Are you looking for a product on the Internet, read reviews about it, compare various options, and ultimately you do not decide to order it online, but go to a stationary store and make the purchase there. Sounds familiar? Probably each of us has acted in a similar way, and if not, we certainly know someone who, before making a decision about spending money on a given product, has to go to the store and “touch” it personally.
This is not surprising – this phenomenon is so common that it has been named and characterized as the ROPO effect. Should e-commerce store owners be concerned about it?
Research online purchase offline, i.e., searching for products on the Internet and then buying them in a stationary store. Internet users are inspired by the information collected on the web, but then they go to a traditional store to view the product there and finalize the purchase. This has its pros and cons, but of course, circumstances alter cases. If we only run e-commerce, such consumer behavior may seem like the worst-case scenario. However, in a situation where there are also stationary branches in a given business, an appropriate synergy strategy should be implemented for all points of sale – omnichannel. The Internet has a huge impact on purchasing decisions, but where the transaction is carried out depends only on the customer’s motivation.
Each buying process begins with identifying a need – whether we realized it ourselves or whether it was aroused by advertising. The next stage is searching for information, opinions and comparing options, which is considering the advantages and disadvantages in general, before we make a final decision. Whether we decide to buy a product online or offline is influenced by many factors, the main ones being, among others, product category, price or how urgent the need is. The age of clients may also be important in the context of the ROPO effect. Older consumers much more often have to “touch” the product before buying, while among younger Internet users this phenomenon is much less frequent. The urgent need to purchase the product and the desire to avoid shipping costs are also important factors in choosing offline purchases.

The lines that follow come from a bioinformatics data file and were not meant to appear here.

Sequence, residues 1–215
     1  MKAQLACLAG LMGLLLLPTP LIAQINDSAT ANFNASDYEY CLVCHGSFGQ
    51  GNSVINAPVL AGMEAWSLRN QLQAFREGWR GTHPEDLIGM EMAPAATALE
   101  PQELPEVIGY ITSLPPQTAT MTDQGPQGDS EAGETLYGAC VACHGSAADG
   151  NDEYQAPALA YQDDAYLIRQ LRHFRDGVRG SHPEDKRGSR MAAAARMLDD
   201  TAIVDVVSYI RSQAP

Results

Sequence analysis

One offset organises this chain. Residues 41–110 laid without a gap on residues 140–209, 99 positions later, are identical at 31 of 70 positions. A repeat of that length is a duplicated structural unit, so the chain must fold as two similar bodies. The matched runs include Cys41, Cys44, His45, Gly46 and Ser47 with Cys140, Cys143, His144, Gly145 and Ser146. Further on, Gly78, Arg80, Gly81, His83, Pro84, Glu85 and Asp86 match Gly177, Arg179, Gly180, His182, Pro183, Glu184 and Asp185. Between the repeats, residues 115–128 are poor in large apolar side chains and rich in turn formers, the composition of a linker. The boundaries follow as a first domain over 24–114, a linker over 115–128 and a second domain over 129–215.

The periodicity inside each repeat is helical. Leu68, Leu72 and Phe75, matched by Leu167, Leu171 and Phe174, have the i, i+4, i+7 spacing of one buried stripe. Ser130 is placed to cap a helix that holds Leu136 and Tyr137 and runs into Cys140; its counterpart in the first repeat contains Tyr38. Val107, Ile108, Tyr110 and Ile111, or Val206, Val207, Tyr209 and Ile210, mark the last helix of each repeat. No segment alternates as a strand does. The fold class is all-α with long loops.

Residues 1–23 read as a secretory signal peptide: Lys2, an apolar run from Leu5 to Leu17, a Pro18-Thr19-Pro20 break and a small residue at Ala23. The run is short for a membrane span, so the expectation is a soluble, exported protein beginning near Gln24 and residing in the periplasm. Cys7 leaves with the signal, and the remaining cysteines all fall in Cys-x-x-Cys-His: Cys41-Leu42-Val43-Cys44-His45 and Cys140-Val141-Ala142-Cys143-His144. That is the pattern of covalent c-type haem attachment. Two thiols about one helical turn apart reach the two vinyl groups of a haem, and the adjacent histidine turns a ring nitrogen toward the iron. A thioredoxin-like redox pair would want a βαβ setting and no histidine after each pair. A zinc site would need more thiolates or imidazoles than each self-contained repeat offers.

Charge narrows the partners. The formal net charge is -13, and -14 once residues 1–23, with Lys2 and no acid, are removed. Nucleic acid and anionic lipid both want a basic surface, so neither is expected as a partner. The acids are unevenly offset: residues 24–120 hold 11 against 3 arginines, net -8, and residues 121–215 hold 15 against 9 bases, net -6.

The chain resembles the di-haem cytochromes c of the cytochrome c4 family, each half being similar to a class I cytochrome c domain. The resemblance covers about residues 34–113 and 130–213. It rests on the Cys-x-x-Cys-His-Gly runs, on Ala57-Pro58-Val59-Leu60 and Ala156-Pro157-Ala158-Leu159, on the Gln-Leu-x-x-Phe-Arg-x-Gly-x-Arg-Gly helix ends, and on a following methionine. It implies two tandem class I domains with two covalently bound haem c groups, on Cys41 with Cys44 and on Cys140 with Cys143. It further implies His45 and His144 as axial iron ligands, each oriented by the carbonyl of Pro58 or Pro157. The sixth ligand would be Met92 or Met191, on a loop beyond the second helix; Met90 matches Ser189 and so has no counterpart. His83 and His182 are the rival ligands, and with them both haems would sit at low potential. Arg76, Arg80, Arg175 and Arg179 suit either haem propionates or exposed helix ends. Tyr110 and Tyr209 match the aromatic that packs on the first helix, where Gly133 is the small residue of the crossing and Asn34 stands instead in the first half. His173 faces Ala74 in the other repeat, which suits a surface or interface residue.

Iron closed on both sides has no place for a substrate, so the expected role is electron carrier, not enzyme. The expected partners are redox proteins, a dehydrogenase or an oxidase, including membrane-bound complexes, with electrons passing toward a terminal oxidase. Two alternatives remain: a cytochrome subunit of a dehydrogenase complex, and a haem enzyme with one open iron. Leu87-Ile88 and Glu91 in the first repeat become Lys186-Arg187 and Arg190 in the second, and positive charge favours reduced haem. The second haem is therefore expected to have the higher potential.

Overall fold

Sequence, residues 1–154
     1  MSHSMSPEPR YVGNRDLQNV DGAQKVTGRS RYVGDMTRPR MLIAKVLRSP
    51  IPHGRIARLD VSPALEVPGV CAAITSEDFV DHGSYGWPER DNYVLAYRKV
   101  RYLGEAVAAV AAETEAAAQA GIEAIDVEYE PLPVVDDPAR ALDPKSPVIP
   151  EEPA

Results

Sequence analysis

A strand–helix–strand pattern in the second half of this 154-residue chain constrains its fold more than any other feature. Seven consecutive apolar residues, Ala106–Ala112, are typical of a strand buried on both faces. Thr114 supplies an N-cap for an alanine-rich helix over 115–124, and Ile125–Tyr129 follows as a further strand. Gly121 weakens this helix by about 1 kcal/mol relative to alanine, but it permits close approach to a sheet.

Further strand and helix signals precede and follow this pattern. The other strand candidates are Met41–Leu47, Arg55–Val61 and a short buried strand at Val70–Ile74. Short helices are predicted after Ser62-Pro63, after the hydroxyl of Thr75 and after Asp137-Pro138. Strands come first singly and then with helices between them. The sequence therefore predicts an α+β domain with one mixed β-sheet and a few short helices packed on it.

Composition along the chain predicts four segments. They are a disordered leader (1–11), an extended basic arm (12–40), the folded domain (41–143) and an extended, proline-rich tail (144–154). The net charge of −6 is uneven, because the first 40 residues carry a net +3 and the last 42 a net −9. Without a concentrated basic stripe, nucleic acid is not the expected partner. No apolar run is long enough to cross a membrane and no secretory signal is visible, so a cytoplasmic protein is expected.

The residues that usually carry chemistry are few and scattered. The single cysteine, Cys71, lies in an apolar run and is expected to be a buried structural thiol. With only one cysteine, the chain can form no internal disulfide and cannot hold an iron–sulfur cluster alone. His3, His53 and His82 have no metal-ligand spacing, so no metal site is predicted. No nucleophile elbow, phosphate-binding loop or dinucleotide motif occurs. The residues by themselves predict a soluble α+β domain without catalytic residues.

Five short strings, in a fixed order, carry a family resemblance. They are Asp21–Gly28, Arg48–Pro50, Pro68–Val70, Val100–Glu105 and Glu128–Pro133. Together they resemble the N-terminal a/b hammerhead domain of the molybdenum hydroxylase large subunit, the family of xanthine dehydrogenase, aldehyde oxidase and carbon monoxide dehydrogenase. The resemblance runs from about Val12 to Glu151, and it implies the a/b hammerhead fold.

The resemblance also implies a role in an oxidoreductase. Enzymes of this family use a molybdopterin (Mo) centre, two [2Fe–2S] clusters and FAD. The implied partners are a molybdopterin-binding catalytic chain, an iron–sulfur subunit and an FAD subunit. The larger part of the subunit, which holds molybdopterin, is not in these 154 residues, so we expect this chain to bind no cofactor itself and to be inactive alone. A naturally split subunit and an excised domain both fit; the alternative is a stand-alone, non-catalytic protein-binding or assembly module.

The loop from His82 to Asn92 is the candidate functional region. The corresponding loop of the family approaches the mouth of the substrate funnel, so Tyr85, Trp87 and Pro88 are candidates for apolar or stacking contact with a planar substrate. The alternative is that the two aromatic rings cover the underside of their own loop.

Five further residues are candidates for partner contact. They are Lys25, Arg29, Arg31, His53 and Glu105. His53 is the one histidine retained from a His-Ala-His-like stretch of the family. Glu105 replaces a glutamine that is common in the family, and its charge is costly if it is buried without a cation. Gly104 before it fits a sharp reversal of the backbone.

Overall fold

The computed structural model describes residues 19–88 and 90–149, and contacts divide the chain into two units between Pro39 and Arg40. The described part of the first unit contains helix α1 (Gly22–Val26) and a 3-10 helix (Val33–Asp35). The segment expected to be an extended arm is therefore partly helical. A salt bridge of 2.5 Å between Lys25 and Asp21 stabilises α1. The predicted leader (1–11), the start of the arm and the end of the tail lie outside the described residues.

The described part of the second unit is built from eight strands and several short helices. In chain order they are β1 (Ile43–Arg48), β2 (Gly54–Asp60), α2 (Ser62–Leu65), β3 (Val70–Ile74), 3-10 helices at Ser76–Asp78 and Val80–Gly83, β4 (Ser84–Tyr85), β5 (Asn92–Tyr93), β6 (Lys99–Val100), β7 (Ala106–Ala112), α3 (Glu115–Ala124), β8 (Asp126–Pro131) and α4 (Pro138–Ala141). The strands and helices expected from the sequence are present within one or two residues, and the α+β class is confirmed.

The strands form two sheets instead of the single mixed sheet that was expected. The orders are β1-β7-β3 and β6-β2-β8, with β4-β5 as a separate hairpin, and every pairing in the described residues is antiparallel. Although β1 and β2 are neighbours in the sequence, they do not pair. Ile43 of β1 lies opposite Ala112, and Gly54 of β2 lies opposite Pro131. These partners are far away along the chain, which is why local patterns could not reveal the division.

After such in-depth online research, the customer goes to the store armed with knowledge about the product he is interested in and knowing how its prices are shaped on the Internet. Looking at the product with your own eyes or even trying it out will bring you closer to finalizing your purchase.
Even if the price is 10% higher than in an online store, a large percentage of consumers will be willing to pay so much more because they will return home with the purchase – unlike online ordering, where you have to wait for delivery.
Reducing the number of customers who search and buy online is an important goal for the development of e-commerce stores. We will not change the beliefs and behavior of customers straight away, but we can make online shopping easier, more pleasant, and most importantly – without any difficulties. The key to success should be the usability of the online store, ease of use and the best possible presentation of the product to the customer.
Good quality photos and videos, accurate descriptions, dimensions and customer feedback on specific products are the most important elements that you need to take care of in the first place. Customer added value, delivery and exchange or return conditions should be as affordable as possible. In recent years, in the e-commerce environment, there are many examples of companies whose products are not the most easily sold online, but thanks to the use of the omnichannel strategy, they have become leaders in their industries.
In the era of widespread online shopping, there are situations where customers view products in stationery stores, and ultimately make an online purchase – such behavior is called the reverse ROPO or SOPO effect (see offline purchase online). This can also be referred to as the showrooming effect. As Gemius’s research shows, the phenomenon of the reversed ROPO effect is the strongest for footwear, clothing and home electronics / household appliances.
We want to try on clothes, check its color or touch the material – you can’t experience it online. One of the main reasons for the reverse-ROPO phenomenon is the customers’ pricing awareness. If we are not in a hurry to buy the product after seeing it in a stationary store, we can go back online and monitor its price or wait for an attractive promotion.
If you run an online store, do not treat the ROPO effect as a silent and insidious killer of your e-store. Make the most of your online presence! Price, discounts for regular customers or subscribers, loyalty programs, various ways of gamification, and even the added value of knowledge can all be used to compete. The strength of the community and the brand image in social media are also a big advantage and build the trust of recipients. We can also convince skeptics to shop online with logistics and helpful and comprehensive customer service. If such a person learns the comfort of buying specific categories of products online, there is a very small chance that they will return to their old habits. After all, as people we quickly get used to comfort – it just needs to be provided to the customer.
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